Snowglobe Utopia

Among my menagerie of desk toys, I have no fewer than seven snowglobes neatly lined up in arrow formation, fond mementos of Northern Ireland, Panama, Disneyland, and beyond. They began as innocently decorative sources of amusement, but after days of sitting idly in my room, staring into these neatly packaged spherical universes, they occupy a somewhat alarming part of my psyche. I’ve spent hours gazing into a ten centimetre-wide globe of a fortress in Stockholm, pondering the possibility of shrinking to a twelfth of my size and migrating into this small yet intricately detailed microcosm of reality. And under our devastatingly complex state of affairs, isn’t it a bit tempting to live one’s days out as miniature Swedish royalty?

While my ambitions to bring about Honey, I’ve Shrunk the Kids: Swedish Edition are perhaps improbable, I’m already living in a snowglobe, in a way. We’ve all spent so much time in our houses that the experience of the last few months is hardly dissimilar from being encapsulated within the glass orbs on my table. I’m a somewhat abnormally detached person at times, and the absence of human interaction has amplified that quite dramatically. My mind is now accustomed to receding from my physical surroundings and darting around my subconscious. As David Bowie would put it, “I’m floating in a most peculiar way / And the stars look very different today.” When I’m not voyaging to Stockholm or Belfast, I’m constructing my own mental snowglobes out of delusion, idealism, and reminiscence in equal parts. They are webs of consciousness, furnished with insecurities, aspirations, memories, thought spirals, and assorted trivialities—traversing them is a tempting alternative to confronting reality.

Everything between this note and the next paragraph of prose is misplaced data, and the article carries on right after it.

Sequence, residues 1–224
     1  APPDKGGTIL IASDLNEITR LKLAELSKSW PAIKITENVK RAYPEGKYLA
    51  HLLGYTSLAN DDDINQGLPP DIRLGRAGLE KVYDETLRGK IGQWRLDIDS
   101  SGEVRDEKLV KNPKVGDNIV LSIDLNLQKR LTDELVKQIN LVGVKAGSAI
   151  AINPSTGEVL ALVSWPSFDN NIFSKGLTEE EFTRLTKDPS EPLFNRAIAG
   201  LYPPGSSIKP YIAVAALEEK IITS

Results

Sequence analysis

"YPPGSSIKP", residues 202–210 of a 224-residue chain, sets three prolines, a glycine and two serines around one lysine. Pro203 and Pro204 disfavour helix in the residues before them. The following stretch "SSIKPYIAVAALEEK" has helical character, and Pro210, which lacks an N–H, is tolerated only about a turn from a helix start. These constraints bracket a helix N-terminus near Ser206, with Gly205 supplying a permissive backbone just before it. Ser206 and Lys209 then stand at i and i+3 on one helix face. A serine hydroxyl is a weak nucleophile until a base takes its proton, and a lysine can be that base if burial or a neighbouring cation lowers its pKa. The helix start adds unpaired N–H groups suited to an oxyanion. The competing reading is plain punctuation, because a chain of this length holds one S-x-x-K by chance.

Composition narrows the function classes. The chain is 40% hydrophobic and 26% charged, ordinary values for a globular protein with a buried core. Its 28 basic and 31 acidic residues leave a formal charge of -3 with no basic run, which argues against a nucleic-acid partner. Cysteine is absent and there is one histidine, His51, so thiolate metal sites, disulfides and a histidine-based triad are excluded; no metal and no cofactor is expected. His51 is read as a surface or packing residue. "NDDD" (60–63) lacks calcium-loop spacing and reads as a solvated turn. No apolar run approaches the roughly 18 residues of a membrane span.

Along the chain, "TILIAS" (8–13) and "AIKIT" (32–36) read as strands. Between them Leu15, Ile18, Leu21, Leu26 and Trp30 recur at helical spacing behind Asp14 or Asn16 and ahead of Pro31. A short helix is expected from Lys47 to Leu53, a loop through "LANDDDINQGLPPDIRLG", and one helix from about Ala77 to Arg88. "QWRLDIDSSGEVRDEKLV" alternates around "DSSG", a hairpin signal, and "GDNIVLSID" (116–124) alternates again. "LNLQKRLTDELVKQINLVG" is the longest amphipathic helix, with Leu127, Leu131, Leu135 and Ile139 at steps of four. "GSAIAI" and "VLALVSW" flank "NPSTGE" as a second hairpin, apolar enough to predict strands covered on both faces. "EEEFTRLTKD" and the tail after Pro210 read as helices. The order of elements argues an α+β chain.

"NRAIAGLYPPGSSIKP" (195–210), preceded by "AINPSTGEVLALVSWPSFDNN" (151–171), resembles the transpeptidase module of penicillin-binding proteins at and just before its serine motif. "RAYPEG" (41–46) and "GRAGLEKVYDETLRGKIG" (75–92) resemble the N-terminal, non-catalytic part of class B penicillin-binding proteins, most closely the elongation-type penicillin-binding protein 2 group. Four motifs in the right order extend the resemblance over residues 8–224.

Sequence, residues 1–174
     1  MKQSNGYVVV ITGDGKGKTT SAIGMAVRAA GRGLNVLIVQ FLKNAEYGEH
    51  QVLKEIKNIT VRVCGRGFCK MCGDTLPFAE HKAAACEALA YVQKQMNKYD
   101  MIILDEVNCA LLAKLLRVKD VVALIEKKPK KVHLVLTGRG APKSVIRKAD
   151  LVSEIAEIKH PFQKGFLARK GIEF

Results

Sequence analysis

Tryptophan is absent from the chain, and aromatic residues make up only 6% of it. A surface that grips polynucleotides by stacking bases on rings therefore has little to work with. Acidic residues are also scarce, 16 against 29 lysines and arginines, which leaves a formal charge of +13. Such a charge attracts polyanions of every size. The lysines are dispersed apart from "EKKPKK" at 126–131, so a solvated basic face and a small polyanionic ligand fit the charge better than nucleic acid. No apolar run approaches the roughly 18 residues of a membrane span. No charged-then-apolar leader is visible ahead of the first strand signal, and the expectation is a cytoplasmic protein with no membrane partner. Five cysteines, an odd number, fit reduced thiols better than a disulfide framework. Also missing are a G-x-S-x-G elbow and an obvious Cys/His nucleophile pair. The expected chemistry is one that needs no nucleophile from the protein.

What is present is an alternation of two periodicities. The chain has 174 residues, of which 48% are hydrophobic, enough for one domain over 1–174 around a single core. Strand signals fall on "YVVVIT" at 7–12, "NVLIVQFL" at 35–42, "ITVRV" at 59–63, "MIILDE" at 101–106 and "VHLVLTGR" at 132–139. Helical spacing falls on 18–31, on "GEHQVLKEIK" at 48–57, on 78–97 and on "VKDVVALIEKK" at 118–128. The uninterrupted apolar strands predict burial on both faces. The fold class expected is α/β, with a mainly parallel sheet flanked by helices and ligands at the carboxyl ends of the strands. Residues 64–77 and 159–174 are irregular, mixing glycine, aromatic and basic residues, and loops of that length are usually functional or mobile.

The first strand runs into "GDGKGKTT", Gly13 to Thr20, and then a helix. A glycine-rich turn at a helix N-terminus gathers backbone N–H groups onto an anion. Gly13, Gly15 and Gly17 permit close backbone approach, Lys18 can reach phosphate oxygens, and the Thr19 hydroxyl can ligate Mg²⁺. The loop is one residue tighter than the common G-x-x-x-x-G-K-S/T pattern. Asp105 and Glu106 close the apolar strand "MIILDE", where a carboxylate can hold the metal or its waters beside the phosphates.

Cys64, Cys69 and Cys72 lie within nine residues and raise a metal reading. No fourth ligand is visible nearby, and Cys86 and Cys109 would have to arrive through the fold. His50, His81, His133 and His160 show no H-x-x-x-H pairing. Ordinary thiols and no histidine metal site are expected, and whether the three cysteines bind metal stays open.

And yet, there is a lustrous allure to the real world that can’t be replaced by my unique variety of escapism. It’s all too easy to drown myself in the glittery water of the snowglobes, but every now and then, something happens to shake up the detached monotony of quarantine. There’s a strange sensation, for instance, that I experience whenever crossing paths with someone on a walk. It’s a bit unsettling to have others awkwardly swerve around the sidewalk, eyes fixed at the ground, to avoid coming within two metres of you. Two snowglobes are colliding, the water wobbling unsteadily in each. You are forced to emerge from the bubble until the water settles.

Even outside of the sickeningly repetitive landscape of the pandemic mania, Earth is in some ways little more than an oversized snowglobe. We all exist within a self-contained capsule of nature and humanity. We are preoccupied by our microscopic conflicts and dilemmas that to any onlooker would be utterly trivial, in the same way that the elaborately sculpted clay models upon my desk seem far removed from any significance to me. Carl Sagan once wrote that we live in a “fragile, blue-white world, lost in a cosmic ocean vast beyond our most courageous imaginings.” In his words, “What does seventy million years mean to beings who live only one-millionth as long? We are like butterflies who flutter for a day and think it is forever.” From that perspective, our reality is no more meaningful than that of my miniscule Swedes. And if the world is truly a snowglobe of sorts, someone appears to have been rattling it aggressively for the last few months. We are all holding our breaths as we wait for the glitter to settle, and one day it’ll all be shaken up again. In the interregnum, it might be time for me to emerge from my snowglobe cocoon and return to Planet Earth.

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